THEORY OF SPOTS
T HE first thing that gives evidence of a desire for expression in black and white art is the placing of a dot or spot upon paper. It is a means of expres sion because it betrays a purpose. If to that dot or spot is added a second, there is more than an expression, there is evident intention, and the mind looks from one to the other, wishing to understand the significance of these two placings. If a third spot is added there is increased significance.
Dots placed as in Figures 16 and 17 convey the idea of something enumerated, they have no art significance, no picture meaning. If, however, they are in a given space enclosed by boundary lines such as a square, oblong or oval, they assume an art meaning, - a mean ing that lies at the foundation of all art. For instance, where in Fig. 18 the dot emphasizes the centre of a picture surface, all attention in the square plane is drawn to the one spot. But in pictures we should be interested in more than the mere centre; in Chapter II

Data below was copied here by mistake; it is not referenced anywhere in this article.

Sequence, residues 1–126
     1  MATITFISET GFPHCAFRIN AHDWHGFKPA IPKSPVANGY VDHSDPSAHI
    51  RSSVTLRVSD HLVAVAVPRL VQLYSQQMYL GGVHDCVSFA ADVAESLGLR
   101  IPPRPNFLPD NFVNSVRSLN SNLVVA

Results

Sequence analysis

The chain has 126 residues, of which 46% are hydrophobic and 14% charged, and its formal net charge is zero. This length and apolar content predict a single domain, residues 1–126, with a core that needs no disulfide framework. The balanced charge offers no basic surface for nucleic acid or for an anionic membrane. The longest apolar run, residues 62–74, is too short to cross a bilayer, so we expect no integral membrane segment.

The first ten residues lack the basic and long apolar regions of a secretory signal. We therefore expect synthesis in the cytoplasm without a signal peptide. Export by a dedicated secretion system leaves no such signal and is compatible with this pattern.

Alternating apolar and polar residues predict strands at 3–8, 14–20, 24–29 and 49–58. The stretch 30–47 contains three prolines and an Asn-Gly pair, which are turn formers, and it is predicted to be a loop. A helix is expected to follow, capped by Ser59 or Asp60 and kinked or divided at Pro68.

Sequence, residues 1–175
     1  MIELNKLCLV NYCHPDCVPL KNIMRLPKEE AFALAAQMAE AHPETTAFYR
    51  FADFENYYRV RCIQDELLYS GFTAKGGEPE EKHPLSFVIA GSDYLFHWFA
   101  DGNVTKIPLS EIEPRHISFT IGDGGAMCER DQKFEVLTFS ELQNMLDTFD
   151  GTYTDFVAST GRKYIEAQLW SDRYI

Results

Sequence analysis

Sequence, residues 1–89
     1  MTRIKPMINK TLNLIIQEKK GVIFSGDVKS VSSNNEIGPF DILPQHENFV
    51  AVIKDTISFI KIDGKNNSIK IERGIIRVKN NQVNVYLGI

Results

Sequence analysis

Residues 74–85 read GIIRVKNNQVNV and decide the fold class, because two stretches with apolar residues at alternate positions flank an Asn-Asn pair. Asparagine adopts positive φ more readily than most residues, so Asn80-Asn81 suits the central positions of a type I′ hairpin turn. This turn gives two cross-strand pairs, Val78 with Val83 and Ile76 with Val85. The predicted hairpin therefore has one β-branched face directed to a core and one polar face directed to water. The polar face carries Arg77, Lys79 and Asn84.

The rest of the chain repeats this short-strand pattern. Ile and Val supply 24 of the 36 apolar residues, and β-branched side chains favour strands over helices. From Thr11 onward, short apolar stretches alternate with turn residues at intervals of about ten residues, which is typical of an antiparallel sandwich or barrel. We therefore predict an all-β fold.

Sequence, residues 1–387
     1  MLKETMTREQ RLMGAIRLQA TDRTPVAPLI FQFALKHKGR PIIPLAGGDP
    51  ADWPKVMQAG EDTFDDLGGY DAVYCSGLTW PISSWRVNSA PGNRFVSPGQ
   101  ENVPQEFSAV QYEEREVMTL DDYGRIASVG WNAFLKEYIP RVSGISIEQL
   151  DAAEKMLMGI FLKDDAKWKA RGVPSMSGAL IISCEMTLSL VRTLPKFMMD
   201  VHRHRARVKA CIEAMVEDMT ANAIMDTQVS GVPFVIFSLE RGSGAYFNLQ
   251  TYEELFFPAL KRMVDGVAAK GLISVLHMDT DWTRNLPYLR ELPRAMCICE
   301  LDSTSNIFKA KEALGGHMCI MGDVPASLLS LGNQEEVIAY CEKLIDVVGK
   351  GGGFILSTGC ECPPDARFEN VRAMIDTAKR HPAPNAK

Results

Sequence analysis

we learned that the whole space became important,